‘Shareholder activists drive a lot of M&A,’ comments von Bismarck. ‘It’s happening in different sectors.’ She refers to hedge fund Elliott Advisors buying into the Telecom Italia and British Telecom in 2018. ‘Traditional activist campaigns are focused on changes in capital structures, dividends and buyback distributions, corporate governance or executive pay. Current campaigns target mergers and acquisitions-related events such as corporate carve-outs, divestments or spin-offs.’

She mentions Whitbread (a company active in the hotel business) selling its coffee business Costa Coffee to Coca-Cola under pressure from Elliott Advisors. ‘They made a big distribution to shareholders after.’ Now Elliot Advisors, frustrated by the way Whitbread operates hotel chain Premier Inn, is seeking property disposals, according to the Sunday Telegraph. The activist wants the company to sell 10 to 15 percent of its £ 5.8 billion property portfolio.

Other funds such as Starbord Value frequently ‘demand a seat at the table’ and seek to replace board members with their own recruits. Von Bismarck mentions activist Edward Bramson of Sherborne Investors who made a renewed plea for Barclays’ investors to give him a seat on the bank’s board earlier this month. The activist at Barclays agitated for a slim down of the investment bank, but failed to convince the majority required at the annual general meeting. ‘Activists will demand company resolutions but in the end shareholders decide for themselves whether they follow their lead,’ says von Bismarck.

Consolidation in certain sectors

Another trend von Bismarck sees is consolidation in financial services. ‘The German government allegedly pressed for merging Deutsche Bank and Commerzbank. Larger mergers such as this one will usually be more strategically driven,’ says von Bismarck. ‘Some of the smaller consolidation deals, like One Savings combining with Charter Court, are initiated by one of the parties because they aim for scale advantages.’

The current wave of consolidation in asset management is also driven by scale advantages, according to von Bismarck. She mentions the merger between Aberdeen Asset Management and Standard Life as an example, ‘but there are many other smaller combinations.’ In the end, ‘it’s just a question of scale and getting more assets under management,’ explains von Bismarck. ‘Consolidation just gives people a better platform.’ Regulatory requirements are another important driver of consolidation in this sector. ‘There is a lot of pressure to lower fees driven by regulatory requirements. MIFID (the European regulation harmonizing national financial regulatory frameworks) is a big driver.’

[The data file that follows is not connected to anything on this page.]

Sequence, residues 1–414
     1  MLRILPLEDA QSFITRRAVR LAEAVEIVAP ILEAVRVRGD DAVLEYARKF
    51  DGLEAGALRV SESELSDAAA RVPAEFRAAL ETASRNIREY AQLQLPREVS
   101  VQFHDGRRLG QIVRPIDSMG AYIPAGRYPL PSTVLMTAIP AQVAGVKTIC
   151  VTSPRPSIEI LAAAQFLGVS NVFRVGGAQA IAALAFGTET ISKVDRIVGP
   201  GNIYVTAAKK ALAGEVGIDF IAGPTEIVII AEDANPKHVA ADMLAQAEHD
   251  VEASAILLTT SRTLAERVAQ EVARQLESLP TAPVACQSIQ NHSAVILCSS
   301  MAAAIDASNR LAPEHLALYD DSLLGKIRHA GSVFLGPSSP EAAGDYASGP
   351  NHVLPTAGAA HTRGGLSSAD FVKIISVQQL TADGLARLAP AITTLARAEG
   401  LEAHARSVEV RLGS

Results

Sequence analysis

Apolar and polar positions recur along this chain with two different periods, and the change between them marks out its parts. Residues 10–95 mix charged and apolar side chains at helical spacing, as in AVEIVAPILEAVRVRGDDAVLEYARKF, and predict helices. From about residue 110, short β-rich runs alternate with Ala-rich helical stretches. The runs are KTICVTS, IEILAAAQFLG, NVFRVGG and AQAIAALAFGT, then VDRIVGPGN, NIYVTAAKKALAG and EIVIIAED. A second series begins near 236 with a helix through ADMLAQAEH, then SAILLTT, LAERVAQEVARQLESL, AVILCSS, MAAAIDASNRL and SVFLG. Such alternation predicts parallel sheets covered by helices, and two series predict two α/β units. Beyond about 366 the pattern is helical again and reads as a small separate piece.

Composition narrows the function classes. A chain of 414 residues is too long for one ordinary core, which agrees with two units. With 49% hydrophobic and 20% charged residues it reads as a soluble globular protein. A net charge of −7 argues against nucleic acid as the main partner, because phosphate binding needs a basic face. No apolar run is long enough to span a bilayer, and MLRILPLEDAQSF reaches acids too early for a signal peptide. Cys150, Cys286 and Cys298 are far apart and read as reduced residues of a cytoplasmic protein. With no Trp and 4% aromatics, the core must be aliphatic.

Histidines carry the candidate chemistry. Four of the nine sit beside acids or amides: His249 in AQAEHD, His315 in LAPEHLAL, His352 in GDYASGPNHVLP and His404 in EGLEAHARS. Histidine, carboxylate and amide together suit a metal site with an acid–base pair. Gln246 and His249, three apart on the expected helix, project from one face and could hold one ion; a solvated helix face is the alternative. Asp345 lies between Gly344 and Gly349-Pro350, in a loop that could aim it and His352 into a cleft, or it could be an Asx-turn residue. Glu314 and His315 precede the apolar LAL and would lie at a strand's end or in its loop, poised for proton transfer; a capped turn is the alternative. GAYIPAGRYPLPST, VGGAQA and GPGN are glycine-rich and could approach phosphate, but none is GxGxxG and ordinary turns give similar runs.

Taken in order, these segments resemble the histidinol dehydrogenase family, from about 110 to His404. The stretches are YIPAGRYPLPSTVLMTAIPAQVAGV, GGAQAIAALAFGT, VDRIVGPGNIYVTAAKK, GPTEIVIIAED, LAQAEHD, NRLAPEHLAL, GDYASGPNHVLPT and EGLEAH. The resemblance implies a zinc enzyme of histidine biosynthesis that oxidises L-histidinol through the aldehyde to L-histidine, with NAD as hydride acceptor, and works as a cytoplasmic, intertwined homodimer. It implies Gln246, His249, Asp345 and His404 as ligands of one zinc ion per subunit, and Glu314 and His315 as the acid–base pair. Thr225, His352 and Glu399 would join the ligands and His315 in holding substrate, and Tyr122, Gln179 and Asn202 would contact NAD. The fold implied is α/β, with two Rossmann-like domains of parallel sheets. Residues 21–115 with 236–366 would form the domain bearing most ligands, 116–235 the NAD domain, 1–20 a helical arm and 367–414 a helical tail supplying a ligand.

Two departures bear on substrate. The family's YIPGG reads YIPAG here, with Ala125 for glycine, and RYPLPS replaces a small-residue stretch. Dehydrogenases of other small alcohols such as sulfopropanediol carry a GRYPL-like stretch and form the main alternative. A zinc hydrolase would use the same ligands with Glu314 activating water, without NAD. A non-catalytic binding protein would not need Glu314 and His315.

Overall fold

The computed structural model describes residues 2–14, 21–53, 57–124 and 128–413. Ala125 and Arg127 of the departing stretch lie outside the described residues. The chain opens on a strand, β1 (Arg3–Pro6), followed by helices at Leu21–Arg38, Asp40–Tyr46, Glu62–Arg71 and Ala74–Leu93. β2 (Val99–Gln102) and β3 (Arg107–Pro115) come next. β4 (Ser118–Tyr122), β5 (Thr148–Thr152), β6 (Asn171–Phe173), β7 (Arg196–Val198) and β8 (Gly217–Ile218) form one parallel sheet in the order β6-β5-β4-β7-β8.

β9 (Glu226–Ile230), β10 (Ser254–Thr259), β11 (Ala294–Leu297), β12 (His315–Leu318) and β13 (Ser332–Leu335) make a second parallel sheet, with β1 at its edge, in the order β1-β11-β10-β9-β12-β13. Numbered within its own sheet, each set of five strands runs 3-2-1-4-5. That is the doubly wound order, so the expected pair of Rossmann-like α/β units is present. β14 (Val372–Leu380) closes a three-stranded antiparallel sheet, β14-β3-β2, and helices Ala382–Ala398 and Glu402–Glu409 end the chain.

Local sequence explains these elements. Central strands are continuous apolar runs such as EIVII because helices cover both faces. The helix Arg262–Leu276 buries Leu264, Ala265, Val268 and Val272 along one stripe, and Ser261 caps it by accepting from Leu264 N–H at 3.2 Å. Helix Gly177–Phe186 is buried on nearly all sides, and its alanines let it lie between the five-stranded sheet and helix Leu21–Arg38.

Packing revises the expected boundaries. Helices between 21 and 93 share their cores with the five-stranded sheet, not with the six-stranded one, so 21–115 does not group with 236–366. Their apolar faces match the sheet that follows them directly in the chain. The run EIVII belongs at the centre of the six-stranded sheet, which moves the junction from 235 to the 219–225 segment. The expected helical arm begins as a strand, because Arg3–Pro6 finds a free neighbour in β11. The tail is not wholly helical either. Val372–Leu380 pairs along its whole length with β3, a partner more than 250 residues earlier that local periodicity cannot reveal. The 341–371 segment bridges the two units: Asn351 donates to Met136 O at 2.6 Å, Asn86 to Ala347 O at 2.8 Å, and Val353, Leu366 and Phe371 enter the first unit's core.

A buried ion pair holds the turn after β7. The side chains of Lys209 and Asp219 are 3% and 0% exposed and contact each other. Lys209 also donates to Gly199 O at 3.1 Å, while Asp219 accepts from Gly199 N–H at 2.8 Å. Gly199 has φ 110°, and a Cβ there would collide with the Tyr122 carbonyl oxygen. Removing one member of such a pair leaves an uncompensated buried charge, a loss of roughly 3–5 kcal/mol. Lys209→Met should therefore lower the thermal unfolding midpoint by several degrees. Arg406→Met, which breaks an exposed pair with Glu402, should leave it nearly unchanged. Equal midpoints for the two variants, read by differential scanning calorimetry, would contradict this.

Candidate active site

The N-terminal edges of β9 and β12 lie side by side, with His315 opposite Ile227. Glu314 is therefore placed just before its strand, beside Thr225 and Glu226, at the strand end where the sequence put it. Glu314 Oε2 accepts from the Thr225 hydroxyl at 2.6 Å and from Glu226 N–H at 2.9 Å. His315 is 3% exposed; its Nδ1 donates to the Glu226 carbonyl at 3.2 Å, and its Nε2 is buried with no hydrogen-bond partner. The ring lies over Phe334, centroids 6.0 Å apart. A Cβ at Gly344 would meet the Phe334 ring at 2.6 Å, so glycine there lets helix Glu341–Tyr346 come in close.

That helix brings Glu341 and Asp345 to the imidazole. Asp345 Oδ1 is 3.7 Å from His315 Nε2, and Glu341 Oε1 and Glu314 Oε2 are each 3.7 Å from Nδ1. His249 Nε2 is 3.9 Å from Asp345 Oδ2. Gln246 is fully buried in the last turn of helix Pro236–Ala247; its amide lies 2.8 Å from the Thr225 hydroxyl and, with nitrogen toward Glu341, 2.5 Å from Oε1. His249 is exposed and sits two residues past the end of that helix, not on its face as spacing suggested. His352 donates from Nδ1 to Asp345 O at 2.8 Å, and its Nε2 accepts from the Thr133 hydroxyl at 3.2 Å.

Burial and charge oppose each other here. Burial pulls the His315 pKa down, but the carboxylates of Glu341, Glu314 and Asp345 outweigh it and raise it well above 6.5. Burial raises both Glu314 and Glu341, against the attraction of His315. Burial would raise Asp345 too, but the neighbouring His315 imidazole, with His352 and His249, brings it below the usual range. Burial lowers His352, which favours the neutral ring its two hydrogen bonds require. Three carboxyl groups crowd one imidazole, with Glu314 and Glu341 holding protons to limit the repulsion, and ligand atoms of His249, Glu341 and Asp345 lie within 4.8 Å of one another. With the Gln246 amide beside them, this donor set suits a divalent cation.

Challenges for the high street

Another area where she sees a lot of M&A-activity is the retail sector. ‘We’ve seen a lot of companies going into administration as a result of the surge of e-commerce. Someone else will buy out the profitable part of a retail business in administration. Patisserie Valerie is an example where some of the most profitable parts were bought out of the voluntary arrangement. It’s a bit of an insidious thing but it does preserve some parts of the business and, of course, some jobs.’

At the same time, tech platforms seem to be growing continuously, buying themselves back into physical locations and branching out in a wide range of sectors. Amazon bought Wholefoods in 2017, recalls Von Bismarck. ‘They got into the supermarket sector as a means of expanding their reach. Competition analysis hasn’t quite caught up with reality.’

Foreign Investments

Yet there are thresholds and challenges, even for powerful investors from overseas. In the last couple of years countries in Europe and the UK have become much more sensitive about foreign investments and issued specific legislation around foreign investment, says von Bismarck. ‘The concept of the free market has changed quite a bit in the last year. In the UK it is very sector specific, limited to industries such as press, communications and defence. But it looks like people might go a bit further with that. The US is already quite sensitive about the Chinese buying into things, heightened by the current US/Chinese trade war. Europe has become much more sensitive on that subject too. Going forward I see protectionist measures in the field of M&A becoming more and more prevalent.’